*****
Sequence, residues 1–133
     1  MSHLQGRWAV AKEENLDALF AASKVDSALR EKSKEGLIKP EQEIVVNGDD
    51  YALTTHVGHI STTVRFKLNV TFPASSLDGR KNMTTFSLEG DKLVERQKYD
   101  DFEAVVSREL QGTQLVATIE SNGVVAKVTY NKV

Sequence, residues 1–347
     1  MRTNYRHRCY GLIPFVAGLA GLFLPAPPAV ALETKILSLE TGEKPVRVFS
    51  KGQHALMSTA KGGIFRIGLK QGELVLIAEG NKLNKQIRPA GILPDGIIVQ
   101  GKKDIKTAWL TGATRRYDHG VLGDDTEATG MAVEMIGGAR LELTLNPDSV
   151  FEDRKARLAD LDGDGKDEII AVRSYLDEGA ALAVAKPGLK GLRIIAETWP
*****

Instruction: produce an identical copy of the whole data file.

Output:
Sequence, residues 1–133
     1  MSHLQGRWAV AKEENLDALF AASKVDSALR EKSKEGLIKP EQEIVVNGDD
    51  YALTTHVGHI STTVRFKLNV TFPASSLDGR KNMTTFSLEG DKLVERQKYD
   101  DFEAVVSREL QGTQLVATIE SNGVVAKVTY NKV

Sequence, residues 1–347
     1  MRTNYRHRCY GLIPFVAGLA GLFLPAPPAV ALETKILSLE TGEKPVRVFS
    51  KGQHALMSTA KGGIFRIGLK QGELVLIAEG NKLNKQIRPA GILPDGIIVQ
   101  GKKDIKTAWL TGATRRYDHG VLGDDTEATG MAVEMIGGAR LELTLNPDSV
   151  FEDRKARLAD LDGDGKDEII AVRSYLDEGA ALAVAKPGLK GLRIIAETWP